§ Mr. David Steel
asked the Minister for Trade (1) when he expects to conclude his consultations following the Green Paper on copyright;
(2) what evidence he has received in response to the Green Paper on copyright;
(3) when he expects to introduce legislation to amend the Copyright Act 1956;
(4) whether he has had consultations with the record and video industries concerning the level of copyright infringement;
(5) what evidence he has as to the level of audio and video piracy;
(6) what progress he has made in consultation with other European Economic Community countries on the harmonisation of copyright law; and when he expects such consultations to be concluded.
§ Dr. Vaughan
Since the Green Paper on "Copyright, Designs and Performers' Protection", Cmnd. 8302, was published in July 1981, my Department has received 180 written responses. They relate to all aspects of the subject.
On 24 March this year, in a reply to my hon. Friend the Member for Bebington and Ellesmere Port (Mr. Porter)—[Vol. 20, c. 179]—I announced that I would like all comments on the Green Paper to reach my Department by the end of August. The Commission of the European Communities expects to publish a memorandum later this year as a preliminary towards harmonisation of copyright law throughout the Community, and the setting of the Green Paper response deadline was necessary to ensure that we can enter the subsequent negotiations within the 171W Community with a full knowledge of the needs of the United Kingdom interests. No consultations have yet taken place within the Community. Because of these Community considerations it is not yet possible to say when new copyright legislation can be introduced.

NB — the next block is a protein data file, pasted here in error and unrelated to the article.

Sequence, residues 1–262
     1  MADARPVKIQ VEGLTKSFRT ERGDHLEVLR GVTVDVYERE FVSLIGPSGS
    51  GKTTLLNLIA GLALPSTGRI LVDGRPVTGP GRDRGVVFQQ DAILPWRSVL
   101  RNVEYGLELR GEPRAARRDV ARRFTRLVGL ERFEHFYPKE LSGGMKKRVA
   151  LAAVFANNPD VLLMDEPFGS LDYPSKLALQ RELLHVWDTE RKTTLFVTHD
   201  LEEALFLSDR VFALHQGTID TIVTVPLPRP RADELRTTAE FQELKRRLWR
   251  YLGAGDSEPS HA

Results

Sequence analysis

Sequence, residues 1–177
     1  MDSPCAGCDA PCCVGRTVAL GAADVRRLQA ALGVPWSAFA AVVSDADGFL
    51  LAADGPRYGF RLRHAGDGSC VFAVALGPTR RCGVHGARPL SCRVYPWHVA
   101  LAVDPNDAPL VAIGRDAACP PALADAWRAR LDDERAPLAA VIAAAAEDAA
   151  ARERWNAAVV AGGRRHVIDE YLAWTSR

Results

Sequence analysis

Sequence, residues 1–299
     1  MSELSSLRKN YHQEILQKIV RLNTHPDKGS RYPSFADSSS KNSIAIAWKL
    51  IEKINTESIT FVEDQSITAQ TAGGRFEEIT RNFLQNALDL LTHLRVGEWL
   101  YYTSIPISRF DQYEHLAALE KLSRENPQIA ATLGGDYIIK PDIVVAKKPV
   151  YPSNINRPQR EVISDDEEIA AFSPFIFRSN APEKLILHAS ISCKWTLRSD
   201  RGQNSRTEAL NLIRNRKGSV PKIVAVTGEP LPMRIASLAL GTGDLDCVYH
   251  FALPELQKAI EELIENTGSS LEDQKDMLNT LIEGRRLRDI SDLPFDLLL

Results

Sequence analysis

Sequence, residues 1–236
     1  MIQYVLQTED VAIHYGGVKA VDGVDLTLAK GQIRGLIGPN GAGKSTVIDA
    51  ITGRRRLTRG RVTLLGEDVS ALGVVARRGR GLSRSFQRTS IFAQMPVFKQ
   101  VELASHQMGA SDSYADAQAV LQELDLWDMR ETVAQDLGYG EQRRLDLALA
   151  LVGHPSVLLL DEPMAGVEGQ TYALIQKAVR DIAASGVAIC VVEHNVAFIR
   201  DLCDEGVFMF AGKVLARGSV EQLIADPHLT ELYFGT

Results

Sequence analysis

Bodies representing the record and video industries have sent comments on the Green Paper to my Department, and they have indicated their concern at the level of copyright infringement in certain areas. In addition, my hon. Friend the Member for Birmingham, Hall Green (Mr. Eyre), the then Under-Secretary of State, when he was responsible for copyright, met representatives of the record industry to discuss the matter. More recently my hon. Friend the Under-Secretary of State has received representations from various sectors of the film and video industry on video piracy.
According to the 1982 year book of the British Phonographic Industries Limited the level of piracy of gramophone records and audio tapes in the United Kingdom is less than 5 per cent. of the total retail turnover. However, a recent survey commissioned by the British Videogram Association suggests that as many as 75 per cent. fo the video cassettes available for retail sale may be pirate copies. In an Adjournment debate on 11 June on video piracy, initated by my hon. Friend the Member for Howden (Sir P. Bryan), my hon. Friend the Under-Secretary of State reiterated the Government's concern at the growth of video piracy and their intention to strengthen and improve remedies available to copyright owners.